Using dip pens

I began this exercise with a pen but then switched to using a twig, one end splayed to resemble a brush. I drew vegetables and fruit, alone and in groups. The drawings can be seen below:

The persimmon was drawn carefully with a dip pen but once I switched to using the twigs, detail was harder and the marks made by the twigs difficult to control. The twigs did not uniformly distribute their ink but tended to dump too much on the page when freshly wetted. The paper in the sketchbook also caused thicker lines to bleed. These two factors combined meant that I had to abandon any idea of fine lines!

In the end, I decided to work on a larger scale so that I could introduce a level of detail into the drawings while exploiting the unpredictability of the marks made by the splayed fibres of the wood. The three grouped still lifes were drawn fairly rapidly and in succession. I changed the colours and concentrations of ink but otherwise moved quickly between them. It was easier to introduce areas of intense tone using the concentrated inks but it was also harder to control the intensity and to introduce graduation of tone. The last drawing above, has more depth but also less subtlety than the two groups drawn with more dilute ink.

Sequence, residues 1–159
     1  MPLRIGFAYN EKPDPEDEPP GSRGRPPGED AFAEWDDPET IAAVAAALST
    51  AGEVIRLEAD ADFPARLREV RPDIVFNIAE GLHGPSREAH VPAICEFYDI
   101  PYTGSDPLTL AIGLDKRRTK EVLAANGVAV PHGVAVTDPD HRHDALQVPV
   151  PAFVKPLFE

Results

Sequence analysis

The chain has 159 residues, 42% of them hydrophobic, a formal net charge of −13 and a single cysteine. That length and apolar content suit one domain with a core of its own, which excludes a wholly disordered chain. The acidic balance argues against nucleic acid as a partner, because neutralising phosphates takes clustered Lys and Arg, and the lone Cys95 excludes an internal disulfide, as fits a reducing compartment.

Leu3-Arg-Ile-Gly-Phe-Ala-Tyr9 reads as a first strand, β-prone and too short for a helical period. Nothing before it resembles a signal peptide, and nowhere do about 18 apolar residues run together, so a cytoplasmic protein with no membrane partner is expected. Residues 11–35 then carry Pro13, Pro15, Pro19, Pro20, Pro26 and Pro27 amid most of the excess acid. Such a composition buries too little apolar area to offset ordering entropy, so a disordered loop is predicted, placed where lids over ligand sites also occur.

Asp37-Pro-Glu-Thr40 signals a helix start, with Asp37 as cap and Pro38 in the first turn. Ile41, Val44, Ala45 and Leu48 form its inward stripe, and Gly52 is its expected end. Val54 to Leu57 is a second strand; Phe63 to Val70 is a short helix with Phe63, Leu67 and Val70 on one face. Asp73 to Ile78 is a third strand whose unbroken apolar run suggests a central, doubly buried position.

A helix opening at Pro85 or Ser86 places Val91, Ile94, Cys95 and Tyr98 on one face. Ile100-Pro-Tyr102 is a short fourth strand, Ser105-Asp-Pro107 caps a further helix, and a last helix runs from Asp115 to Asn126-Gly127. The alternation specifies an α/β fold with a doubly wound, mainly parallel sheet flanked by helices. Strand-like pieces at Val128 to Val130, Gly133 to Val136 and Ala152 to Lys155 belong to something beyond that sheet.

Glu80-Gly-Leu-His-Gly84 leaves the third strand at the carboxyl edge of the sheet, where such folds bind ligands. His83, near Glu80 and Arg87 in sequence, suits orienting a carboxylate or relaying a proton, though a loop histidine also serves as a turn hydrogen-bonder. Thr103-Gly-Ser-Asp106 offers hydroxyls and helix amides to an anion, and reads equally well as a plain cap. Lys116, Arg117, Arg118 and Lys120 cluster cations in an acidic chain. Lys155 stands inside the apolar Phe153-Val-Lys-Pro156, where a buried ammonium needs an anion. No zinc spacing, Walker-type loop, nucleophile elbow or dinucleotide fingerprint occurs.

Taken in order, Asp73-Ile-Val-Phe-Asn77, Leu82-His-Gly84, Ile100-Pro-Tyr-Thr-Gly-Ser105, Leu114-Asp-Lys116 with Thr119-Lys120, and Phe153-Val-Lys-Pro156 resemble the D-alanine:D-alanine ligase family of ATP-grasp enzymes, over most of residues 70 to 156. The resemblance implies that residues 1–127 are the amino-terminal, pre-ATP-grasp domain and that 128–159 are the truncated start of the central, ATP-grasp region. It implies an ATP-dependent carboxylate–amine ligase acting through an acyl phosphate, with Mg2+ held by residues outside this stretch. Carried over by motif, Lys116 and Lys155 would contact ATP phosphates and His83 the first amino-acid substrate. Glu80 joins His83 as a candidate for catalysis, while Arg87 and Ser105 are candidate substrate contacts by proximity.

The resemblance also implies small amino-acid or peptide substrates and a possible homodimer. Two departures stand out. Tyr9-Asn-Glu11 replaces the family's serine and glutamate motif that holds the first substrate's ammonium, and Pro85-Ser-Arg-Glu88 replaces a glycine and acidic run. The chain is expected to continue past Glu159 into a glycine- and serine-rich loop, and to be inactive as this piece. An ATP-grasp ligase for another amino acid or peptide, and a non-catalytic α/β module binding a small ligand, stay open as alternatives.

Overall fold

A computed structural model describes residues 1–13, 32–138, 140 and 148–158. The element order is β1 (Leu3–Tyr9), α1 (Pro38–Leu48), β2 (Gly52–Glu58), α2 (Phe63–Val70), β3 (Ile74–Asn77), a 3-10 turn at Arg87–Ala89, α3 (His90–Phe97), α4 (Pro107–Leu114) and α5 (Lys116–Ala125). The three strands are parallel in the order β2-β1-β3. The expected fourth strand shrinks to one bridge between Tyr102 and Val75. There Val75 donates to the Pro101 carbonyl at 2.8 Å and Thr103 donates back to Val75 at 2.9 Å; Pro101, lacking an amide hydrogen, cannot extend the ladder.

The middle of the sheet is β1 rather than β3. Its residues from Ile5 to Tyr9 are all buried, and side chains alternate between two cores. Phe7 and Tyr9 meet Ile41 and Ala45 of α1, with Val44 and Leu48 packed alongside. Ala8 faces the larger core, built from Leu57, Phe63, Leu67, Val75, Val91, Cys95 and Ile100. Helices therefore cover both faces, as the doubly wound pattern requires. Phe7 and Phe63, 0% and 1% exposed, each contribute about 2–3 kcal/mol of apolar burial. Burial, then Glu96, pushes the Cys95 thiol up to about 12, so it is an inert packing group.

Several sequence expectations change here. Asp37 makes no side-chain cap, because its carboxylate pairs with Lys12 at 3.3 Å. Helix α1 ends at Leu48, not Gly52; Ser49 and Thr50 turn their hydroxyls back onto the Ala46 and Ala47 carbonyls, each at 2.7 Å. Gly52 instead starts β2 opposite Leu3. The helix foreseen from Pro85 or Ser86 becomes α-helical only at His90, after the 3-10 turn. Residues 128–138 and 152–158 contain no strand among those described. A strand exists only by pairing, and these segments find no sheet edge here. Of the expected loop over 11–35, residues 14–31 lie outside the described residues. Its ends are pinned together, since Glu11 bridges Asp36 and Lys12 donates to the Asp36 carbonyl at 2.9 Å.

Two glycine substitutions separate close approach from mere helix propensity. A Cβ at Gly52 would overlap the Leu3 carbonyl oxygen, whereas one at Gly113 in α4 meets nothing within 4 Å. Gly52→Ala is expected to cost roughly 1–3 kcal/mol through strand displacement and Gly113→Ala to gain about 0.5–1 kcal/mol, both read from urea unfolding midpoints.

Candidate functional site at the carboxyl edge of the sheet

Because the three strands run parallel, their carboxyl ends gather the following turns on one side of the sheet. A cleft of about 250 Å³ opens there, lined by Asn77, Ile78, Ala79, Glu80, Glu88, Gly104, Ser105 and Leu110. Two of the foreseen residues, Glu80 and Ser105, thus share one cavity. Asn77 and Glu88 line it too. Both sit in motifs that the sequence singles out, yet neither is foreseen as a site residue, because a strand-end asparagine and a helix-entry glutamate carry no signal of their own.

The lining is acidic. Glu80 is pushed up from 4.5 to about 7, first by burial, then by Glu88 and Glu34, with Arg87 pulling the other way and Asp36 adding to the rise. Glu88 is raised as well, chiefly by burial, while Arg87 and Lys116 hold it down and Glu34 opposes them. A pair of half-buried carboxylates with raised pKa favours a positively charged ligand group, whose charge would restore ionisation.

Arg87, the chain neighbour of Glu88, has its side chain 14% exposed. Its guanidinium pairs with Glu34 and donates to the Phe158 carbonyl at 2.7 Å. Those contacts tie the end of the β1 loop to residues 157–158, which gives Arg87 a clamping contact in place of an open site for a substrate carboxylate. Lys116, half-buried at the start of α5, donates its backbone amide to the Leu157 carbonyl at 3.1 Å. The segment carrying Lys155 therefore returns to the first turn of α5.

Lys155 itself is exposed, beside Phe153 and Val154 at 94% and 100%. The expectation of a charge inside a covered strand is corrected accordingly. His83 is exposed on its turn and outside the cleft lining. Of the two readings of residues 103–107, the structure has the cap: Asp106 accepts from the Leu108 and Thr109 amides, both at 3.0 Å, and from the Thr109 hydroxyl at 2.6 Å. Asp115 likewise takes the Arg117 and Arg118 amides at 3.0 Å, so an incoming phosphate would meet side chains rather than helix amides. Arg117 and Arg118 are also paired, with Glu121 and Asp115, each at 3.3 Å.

I enjoyed exploring the range of marks produced by the twig. Hatching was possible but rougher and I found that I tended to make a wider range of marks to represent the different textures rather than to rely on hatching as I had done in earlier tonal drawings. Lines were livelier and less controlled. The roughness of the tool seemed to encourage more energetic work – faster, more spontaneous and experimental.

The disadvantage was that the finished work appears rougher and less polished than, say, a fine ink pen can produce. However, I am not sure that that matters, in this context – maybe both have their place.

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